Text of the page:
In Connections and Influence in the Russian and American Short Story, editors Robert C. Hauhart and Jeff Birkenstein have assembled a collection of eighteen original essays written by literary critics from around the globe. Collectively, these critics argue that the reciprocal influence between Russian and American writers is integral to the development of the short story in each country as well as vital to the global status the contemporary short story has attained. This collection provides original analyses of both well-known Russian and American stories as well as some that might be more unfamiliar. Each essay is purposely crafted to display an appreciation of the techniques, subject matter, themes, and approaches that both Russian and American short story writers explored across borders and time. Stories by Gogol, Dostoevsky, Turgenev, Chekhov, and Krzhizhanovsky as well as short stories by Washington Irving, Faulkner, Langston Hughes, Richard Wright, Ursula Le Guin, Raymond Carver, and Joyce Carol Oates populate this essential, multivalent collection. Perhaps more important now than at any time since the end of the Cold War, these essays will remind readers how much Russian and American culture share, as well as the extent to which their respective literatures are deeply intertwined.
Robert C. Hauhart is professor in the department of society and social justice at Saint Martin’s University.
Jeff Birkenstein is professor of English at Saint Martin’s University.
Chapter 1: Calls from Beyond and Within: A Nonhuman Reading of the Short Stories of Nikolai Gogol and Washington Irving, Naruhiko Mikado
Chapter 2: Empathy and Human Feeling in the Short Stories of O. Henry and Anton Chekhov, Iren Boyarkina
Chapter 3: From Poe to James via Dostoevsky: Cognizing Doppelgangers in American and Russian Short Fiction, Irina Golovacheva
Chapter 4: “Smile and Scream” in the Little Review: Russian Short Fiction and Transatlantic Avantgarde, Maria Krivosheina
Chapter 5: The Resonance of Dostoevsky’s “Bobok” in Faulkner’s The Sound and the Fury, Sahar J. Al-Keshwan
Chapter 6: Black in the USSR: Langston Hughes, Ivan Turgenev, and the Radical Potential of the Short Story, Laura Ryan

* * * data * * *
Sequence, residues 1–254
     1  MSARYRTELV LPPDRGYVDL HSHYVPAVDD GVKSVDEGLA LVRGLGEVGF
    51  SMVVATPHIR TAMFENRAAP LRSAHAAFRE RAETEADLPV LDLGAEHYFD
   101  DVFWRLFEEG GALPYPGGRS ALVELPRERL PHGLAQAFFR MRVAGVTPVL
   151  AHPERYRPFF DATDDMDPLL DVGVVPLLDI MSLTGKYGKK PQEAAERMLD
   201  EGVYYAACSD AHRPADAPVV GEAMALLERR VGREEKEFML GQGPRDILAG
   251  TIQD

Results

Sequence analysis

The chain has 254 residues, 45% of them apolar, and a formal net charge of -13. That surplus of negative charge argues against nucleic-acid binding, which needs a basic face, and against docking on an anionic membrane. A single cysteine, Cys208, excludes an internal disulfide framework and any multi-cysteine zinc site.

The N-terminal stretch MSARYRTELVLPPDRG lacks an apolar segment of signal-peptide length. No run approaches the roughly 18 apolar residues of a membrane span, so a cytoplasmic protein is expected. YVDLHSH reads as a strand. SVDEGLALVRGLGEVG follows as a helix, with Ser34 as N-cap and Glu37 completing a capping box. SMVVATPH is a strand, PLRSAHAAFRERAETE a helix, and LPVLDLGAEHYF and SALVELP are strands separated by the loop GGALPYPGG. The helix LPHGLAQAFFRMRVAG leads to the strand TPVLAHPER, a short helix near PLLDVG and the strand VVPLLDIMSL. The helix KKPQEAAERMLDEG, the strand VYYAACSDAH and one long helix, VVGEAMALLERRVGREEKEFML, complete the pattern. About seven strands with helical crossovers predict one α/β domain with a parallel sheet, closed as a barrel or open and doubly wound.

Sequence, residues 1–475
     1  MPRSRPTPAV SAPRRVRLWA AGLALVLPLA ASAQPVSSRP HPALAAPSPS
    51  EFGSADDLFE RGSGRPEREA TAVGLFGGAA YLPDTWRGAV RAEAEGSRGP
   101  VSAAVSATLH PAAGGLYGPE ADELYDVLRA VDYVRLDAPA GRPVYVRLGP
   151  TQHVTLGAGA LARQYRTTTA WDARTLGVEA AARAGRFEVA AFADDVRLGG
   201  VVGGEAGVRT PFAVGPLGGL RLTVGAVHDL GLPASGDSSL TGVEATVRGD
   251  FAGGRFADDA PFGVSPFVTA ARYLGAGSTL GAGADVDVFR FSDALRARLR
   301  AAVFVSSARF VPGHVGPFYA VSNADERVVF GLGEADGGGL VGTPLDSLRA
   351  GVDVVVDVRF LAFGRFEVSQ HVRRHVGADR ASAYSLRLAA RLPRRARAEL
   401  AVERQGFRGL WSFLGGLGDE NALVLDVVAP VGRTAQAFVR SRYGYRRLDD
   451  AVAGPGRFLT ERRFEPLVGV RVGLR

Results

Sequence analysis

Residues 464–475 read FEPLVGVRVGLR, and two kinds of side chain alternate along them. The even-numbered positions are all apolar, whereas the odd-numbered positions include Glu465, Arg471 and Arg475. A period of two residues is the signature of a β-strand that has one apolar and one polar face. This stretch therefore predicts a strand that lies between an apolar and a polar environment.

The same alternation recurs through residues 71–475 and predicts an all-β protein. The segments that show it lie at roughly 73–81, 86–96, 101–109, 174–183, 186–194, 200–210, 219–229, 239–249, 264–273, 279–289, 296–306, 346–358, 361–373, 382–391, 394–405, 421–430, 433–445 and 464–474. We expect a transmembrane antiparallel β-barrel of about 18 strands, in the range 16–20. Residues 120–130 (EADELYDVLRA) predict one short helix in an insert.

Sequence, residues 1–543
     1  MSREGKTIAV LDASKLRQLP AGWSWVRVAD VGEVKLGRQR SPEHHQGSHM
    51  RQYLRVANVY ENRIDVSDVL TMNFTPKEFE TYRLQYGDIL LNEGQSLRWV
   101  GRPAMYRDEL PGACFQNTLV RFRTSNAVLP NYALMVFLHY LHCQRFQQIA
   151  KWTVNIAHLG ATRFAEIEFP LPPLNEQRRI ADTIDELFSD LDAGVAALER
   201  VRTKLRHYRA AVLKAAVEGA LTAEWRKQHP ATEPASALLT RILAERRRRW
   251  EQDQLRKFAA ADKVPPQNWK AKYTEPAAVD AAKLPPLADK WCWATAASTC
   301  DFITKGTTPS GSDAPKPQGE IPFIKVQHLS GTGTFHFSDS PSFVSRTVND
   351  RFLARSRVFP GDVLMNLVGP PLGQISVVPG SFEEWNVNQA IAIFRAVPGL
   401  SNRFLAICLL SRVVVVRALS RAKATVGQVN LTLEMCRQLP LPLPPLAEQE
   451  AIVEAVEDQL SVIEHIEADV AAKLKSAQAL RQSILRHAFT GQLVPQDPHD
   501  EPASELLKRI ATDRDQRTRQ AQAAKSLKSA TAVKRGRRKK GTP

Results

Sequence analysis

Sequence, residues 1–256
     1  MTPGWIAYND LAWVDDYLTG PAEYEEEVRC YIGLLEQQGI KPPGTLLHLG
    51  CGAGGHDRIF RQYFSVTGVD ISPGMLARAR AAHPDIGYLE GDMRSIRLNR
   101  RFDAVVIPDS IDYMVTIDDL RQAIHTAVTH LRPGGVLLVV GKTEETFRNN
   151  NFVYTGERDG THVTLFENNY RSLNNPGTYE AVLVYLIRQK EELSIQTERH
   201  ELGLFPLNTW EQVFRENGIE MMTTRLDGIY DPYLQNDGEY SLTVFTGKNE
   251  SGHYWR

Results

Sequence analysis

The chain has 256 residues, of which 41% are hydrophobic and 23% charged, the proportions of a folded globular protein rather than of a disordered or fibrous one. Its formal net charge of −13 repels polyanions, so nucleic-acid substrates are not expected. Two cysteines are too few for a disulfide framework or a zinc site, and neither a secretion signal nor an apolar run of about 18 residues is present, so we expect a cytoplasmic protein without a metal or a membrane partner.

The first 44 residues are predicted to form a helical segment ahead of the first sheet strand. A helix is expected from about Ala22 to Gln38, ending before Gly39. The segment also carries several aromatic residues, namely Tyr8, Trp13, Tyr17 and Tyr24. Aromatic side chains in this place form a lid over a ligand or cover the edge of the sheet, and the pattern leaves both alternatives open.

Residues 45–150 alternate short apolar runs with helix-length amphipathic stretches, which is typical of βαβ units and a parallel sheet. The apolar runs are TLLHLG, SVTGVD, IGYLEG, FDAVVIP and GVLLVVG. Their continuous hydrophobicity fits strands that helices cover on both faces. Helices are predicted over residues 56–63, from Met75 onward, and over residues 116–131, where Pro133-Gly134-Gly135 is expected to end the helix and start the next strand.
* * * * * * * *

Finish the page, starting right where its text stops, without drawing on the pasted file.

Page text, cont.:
Chapter 7: Composing Thoughts: Reading Daniil Kharms’s Work in the Light of Short Story Collection Theory, Pedro Querido
Chapter 8: Outsiders and Others: Revisiting Richard Wright’s “Underground Man”, Durthy A. Washington
Chapter 9: “The Strange and the Commonplace in One”: Spirituality, Mystery, and the Personal Quest in the Short Fiction of Flannery O’Connor and Anton Chekhov, Frank P. Fury
Chapter 10: Gorky’s Orphans: The Unraveling of Socialist Humanism in Russian and African American Tramp Stories, Kevin Lucas
Chapter 11: Vladimir Nabokov’s American Short Story Surrounded by the Image of Russia: “The Vane Sisters” in Nabokov’s Quartet, Kiyoko Magome
Chapter 12: Existential Quests in the Short Story: Gogol’s “The Overcoat,” Bellow’s “Looking for Mr. Green,” and Cheever’s “The Swimmer”, Robert C. Hauhart
Chapter 13: Divine Beings in Short Stories by Nabokov, Garcia Marquez, and Le Guin: A Secular Reading, Anastasia G. Pease
Chapter 14: Two Ladies, Two Dogs: On Moral Luck and Determinism in Chekhov and Oates, Rossitsa Terzieva-Artemis
Chapter 15: Food, Influence, the Short Story, Anton Chekhov, and Raymond Carver, Jeff Birkenstein
Chapter 16: Heterosexual Fictions: Ivan Turgenev's Fathers and Sons and, Jhumpa Lahiri's Interpreter of Maladies, Lucky Issar
Chapter 17: Outsiders, Peasants, and Elderly Exiles in Elizabeth Strout’s Olive Kitteridge and Olive, Again, Christine Tachick Kern
Chapter 18: Tiny Haunted Empires: Domestic Fabulism in the Home in Sigizmund Krzhizhanovsky’s “Quadraturin” and Kelly Link’s “Stone Animals”, Emrys Donaldson
As this collection of essays so clearly illuminates, when it comes to narrative, especially short narrative, there is more that unites us to the creative Russian mind than divides us. You might not believe that so many writers came out from under Gogol’s overcoat, but this collection will stimulate further consideration of how many writers owe their sophistication and subtlety to Chekhov. Even as the essays accentuate the short story’s unique ability to encourage empathy and depict the lives of marginalized people, they repeatedly remind us that the form’s primary requirement is the demand of close reading. Like the best criticism of the past, these essays will encourage perceptive criticism of the future.